As Rainey belts out another song, Syrett is spotted speaking with more film industry folks. Selling North Carolina as the perfect place to make movies is clearly serious business. Syrett, who previously served as the director of the Utah Film Commission, said his ace in the hole is the state’s unparalleled crew base and infrastructure.

Film productions that shoot in North Carolina save tens of thousands of dollars because of the top-notch production facilities and experienced crew base that is homegrown. In other words, companies don’t have to pay for crew members’ accommodations.

“That’s the incentive people talk about because that brings costs down tremendously,” Syrett explains.

He’s quick to point out that when the film and entertainment industry invests in North Carolina, the economic impact is tremendous. And when Syrett talks to state officials about making North Carolina more competitive with even greater film tax credits he always points out films literally inject money into a local economy.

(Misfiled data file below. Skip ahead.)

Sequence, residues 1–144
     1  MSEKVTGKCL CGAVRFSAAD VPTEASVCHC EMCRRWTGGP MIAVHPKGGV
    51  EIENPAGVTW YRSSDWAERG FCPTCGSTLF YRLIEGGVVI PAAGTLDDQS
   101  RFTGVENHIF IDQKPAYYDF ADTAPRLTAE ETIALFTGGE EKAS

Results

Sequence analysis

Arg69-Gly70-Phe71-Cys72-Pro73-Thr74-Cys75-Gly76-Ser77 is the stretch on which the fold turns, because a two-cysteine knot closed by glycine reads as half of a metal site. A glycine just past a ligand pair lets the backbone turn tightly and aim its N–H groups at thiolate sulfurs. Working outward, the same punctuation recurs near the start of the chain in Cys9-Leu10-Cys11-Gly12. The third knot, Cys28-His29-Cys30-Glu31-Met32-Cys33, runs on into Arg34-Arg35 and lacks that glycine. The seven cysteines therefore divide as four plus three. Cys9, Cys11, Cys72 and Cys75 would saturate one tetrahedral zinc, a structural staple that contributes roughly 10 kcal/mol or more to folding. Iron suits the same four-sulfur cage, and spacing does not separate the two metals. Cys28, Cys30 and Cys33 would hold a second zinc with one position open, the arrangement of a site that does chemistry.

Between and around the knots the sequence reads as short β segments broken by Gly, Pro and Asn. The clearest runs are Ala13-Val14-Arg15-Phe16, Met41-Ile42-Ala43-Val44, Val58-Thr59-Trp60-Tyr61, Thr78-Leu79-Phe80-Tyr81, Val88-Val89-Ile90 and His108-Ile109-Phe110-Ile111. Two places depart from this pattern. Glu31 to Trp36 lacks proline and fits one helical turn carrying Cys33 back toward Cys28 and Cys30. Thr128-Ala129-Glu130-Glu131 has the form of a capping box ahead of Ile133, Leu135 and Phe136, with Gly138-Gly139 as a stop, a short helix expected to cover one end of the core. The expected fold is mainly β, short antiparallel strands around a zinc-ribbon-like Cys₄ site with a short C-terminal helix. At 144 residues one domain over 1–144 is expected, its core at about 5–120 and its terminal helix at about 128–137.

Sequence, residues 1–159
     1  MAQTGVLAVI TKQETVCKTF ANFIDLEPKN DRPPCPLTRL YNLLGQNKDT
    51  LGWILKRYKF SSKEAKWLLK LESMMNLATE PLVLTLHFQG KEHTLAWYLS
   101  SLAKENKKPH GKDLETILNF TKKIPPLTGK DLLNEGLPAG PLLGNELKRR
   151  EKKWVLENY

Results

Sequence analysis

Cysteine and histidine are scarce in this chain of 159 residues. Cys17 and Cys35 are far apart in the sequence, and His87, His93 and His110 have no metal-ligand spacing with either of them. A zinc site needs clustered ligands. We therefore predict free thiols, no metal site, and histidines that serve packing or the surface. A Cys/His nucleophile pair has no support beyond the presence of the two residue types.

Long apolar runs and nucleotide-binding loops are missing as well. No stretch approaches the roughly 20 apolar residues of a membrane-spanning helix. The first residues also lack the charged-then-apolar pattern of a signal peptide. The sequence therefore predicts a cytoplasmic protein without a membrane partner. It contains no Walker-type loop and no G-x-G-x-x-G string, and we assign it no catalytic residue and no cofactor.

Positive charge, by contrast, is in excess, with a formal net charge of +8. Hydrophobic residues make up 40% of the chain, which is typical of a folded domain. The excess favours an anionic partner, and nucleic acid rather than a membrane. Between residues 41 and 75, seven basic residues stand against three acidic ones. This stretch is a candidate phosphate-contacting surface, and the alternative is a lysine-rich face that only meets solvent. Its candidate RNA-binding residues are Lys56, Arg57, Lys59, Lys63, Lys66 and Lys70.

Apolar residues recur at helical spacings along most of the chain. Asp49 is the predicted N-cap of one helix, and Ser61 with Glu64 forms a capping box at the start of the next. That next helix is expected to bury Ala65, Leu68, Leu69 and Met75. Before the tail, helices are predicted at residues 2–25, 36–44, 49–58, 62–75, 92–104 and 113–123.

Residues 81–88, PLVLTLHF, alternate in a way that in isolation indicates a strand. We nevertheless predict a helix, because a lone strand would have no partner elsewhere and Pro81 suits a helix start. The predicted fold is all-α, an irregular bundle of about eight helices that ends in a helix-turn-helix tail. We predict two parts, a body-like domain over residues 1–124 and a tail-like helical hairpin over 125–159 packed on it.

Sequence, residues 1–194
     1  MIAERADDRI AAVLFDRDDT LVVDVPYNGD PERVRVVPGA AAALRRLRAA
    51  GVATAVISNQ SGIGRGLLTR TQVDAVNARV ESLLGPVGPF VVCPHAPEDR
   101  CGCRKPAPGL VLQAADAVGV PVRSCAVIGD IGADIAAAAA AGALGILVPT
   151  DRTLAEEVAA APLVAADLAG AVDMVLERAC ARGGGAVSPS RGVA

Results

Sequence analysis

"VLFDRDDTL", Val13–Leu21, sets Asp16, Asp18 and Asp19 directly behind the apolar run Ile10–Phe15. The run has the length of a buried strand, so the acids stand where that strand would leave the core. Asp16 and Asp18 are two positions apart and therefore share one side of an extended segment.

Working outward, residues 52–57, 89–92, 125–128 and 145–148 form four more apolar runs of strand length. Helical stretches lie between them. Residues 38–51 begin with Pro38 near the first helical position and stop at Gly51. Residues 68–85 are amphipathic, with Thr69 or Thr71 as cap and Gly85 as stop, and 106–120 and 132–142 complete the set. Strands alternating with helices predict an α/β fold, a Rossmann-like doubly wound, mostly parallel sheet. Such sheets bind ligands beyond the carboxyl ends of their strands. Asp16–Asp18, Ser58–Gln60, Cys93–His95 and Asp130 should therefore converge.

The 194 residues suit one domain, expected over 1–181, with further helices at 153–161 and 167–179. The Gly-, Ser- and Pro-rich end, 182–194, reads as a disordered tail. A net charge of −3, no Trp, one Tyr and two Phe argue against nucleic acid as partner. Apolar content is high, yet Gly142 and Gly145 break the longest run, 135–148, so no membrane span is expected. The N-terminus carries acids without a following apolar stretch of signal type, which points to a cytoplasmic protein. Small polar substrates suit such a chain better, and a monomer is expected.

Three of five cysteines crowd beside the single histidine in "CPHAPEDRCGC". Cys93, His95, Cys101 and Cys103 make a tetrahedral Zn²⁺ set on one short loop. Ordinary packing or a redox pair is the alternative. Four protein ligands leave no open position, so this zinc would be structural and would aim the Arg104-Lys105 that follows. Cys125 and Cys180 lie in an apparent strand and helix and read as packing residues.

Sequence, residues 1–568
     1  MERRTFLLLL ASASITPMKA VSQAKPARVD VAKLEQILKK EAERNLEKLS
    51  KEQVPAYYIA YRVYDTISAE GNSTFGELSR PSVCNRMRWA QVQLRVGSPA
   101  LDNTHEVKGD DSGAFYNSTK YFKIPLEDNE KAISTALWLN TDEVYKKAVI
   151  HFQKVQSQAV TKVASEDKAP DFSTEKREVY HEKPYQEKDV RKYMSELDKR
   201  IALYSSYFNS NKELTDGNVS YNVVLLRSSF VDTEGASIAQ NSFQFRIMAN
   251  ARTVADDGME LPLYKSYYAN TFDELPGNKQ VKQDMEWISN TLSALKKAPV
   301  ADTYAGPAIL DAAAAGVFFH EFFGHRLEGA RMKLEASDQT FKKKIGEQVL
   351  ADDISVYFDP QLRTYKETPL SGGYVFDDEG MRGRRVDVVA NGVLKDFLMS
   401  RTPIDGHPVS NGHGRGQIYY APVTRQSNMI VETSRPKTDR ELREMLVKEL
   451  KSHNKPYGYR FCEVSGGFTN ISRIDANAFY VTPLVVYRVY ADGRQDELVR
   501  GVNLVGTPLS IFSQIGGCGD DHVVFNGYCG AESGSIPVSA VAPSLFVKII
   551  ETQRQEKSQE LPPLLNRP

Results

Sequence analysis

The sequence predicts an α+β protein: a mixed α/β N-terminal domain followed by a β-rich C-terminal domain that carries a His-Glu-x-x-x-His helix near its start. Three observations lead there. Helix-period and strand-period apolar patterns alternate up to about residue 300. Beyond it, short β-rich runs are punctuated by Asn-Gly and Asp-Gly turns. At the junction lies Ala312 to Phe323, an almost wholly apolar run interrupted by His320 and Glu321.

“There is no other industry that can infuse money into an economy like the film industry,” Syrett says. “They come in and immediately infuse millions and millions of dollars

within a three-month period. They hire hundreds of people, and all of sudden those people are staying at hotels, they’re buying their lumber to build sets, they’re buying clothing for costumes and they’re eating out. It touches every part of the economy.”

That’s why film industry tax credits make sense.

Syrett says Gov. Beverly Perdue fully understands that for North Carolina to be competitive in the 21 st century, the state must make the transition from manufacturing and agriculture to a knowledge-based economy.